On March 8, let’s come to the story of the most powerful women of ancient Rome. Even though he is a king, once he dares to dream of Vestal Virgins, he must trade it in with his own life.
Marcus Licinius Crassus (died 53 BC), the mighty Roman general and the richest man in Roman history, was almost “scandalized” with Vestal Licinia, a vestal virgin.
Who is this woman, how can the fact of occupying a social position make that a man “less than one person, more than ten thousand people” almost lose his life, invite you to find out!
The scandal that shook ancient Rome
The story goes that for some time Crassus repeatedly appeared at the castle of Vestal Licinia. He obediently followed Licinia everywhere, making everyone suspect, and was eventually arrested and taken to court.
In fact, Crassus did not flirt with Licinia, but only tried to “seduce” her to sell his castle at a low price. It seems that despite his reputation as the richest man (rumored to have 200 million sesterce silver coins), Crassus was not very generous.
Crassus – the mighty Roman general was nearly executed for asking a virgin … to sell his house
It is not known how much he offered, only that Licinia refused. However, Crassus still loves Licinia Castle too much, so he continues to meet her to …
Fortunately, during the trial, Crassus successfully proved his “pure” purpose. Thanks to this, his life and that of Licinia were saved.
Caring for the flame represents the destiny of the nation
Before the 4th century, the Romans followed the religion of the Virgin Vesta. According to historians, this custom began during the time of Emperor Num Pompilius (753 – 673 BC). For the religion of the goddess Vesta, keeping the fire in the furnace located in the temple is the most sacred and important task.
This flame is believed to represent the fate as well as the prosperity of the nation. If it suddenly goes out, it’s an omen that disaster is about to happen. Therefore, in the temple of Vesta there must always be someone on duty.
The vestal virgins are those who are responsible for maintaining and protecting this fire. They appointed 6 people to eat and sleep in the temple, watching constantly, keeping the fire lit evenly throughout the year.
Virgin Vestal is responsible for keeping the holy fire lit throughout the year
Every year in March, virgins are allowed to start a new fire. By next March, they absolutely must not let it go out.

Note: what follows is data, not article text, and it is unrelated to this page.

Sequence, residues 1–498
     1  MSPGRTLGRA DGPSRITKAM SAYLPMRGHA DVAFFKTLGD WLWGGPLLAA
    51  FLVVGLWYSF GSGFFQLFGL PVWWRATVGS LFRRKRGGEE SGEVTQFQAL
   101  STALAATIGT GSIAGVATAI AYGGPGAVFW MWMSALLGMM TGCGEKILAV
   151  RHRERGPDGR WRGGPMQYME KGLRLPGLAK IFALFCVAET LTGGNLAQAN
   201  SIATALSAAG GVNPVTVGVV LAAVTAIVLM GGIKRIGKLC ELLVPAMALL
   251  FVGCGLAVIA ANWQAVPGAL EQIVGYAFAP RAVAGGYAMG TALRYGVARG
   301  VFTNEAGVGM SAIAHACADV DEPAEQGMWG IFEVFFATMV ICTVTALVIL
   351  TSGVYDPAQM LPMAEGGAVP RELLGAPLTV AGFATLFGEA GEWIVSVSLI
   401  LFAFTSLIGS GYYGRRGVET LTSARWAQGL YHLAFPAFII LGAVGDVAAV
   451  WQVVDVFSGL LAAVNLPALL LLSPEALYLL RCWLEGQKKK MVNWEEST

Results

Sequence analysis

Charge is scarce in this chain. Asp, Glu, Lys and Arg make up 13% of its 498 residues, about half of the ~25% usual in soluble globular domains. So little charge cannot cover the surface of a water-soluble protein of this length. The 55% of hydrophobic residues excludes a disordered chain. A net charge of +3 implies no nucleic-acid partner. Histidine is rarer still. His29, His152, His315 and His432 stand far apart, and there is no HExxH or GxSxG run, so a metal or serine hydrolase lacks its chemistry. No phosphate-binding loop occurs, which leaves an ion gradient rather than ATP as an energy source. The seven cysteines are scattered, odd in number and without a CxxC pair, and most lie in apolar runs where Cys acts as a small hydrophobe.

In the ancient Roman state, religion was associated with politics. Vestal virgins are therefore treated with boundless reverence.
No one, not even the king, had the right to insult a vestal virgin. If a man dared to deceive and seduce the Vestals to lose their chastity, they would suffer the most terrible punishment: to be beaten to death with a whip.
In fact, in Vestal time there was also a king who deliberately broke tradition, Elagabalus (died 222). This emperor was determined to marry the vestal virgin named Aquilia Severa, and loudly announced in front of his whole court that he would soon give birth to a “divine child”.
With kingship in hand, Elagabalus easily got the Vestal he wanted. But it was this blatant violation of the law that sparked the young king’s most gruesome death. On March 11, 222, while walking with his mother on the road, he was killed by the guards. They cut off Elagabalus’ head, stripped his body naked, dragged him and finally threw him into the river.
On the contrary, if the Death Rower on his way to the place of execution accidentally encounters a Vestal, she will also be released.
Rule-breaking Emperor Elagabalus arbitrarily married a vestal and paid a heavy price
But when Vestal breaks the law, he “has had enough too”
With the exception of absolute respect, vestals are also completely free from family control, given mansions and properties, have the right to make wills and defend themselves in court (in case of doubt) without having to swear.
But with great benefits come great risks as well. Due to the cult of the goddess Vesta, ancient Rome placed great importance on the question of virginity. They believe that the virginity of the vestals is the “fuel” to keep the “fire of national life” alive. Therefore, whenever this fire is extinguished, the vestals will first be suspected of being unclean.
If they fail to prove their innocence, the Vestals will be punished by being buried alive. Ancient Roman regulations did not allow beating virgins holding fire or shedding blood. They will therefore be locked in four narrow walls and starve.
Was “recruited” from childhood and had to “keep” for 30 years
Vestal is a virgin, but not all virgins can become Vestal. In fact, the selection of Vestal is carried out very strictly, since the girls are only 6-10 years old and must be the children of a prestigious, beautiful, healthy and free family.
After being officially selected, the new girls must take an oath, swearing to serve the goddess Vesta wholeheartedly for the next 30 years. Once this was done, all were taken to the Atrium Vestae, the home of the Vestal Virgins, to begin “training” to become a priestess.
During the first 10 years, the girls learned catechism and practiced fire-keeping. During the next ten years, when they became young women, they replaced the previous generation of vestals, taking care of the fire in the temple. During the remaining ten years, he returned to the head of the class of “infantile” Vestals.
If he is correct during all these 30 years of service, a Vestal will experience a life of “retirement” of great wealth. In addition to tall and wide houses, they are still respected.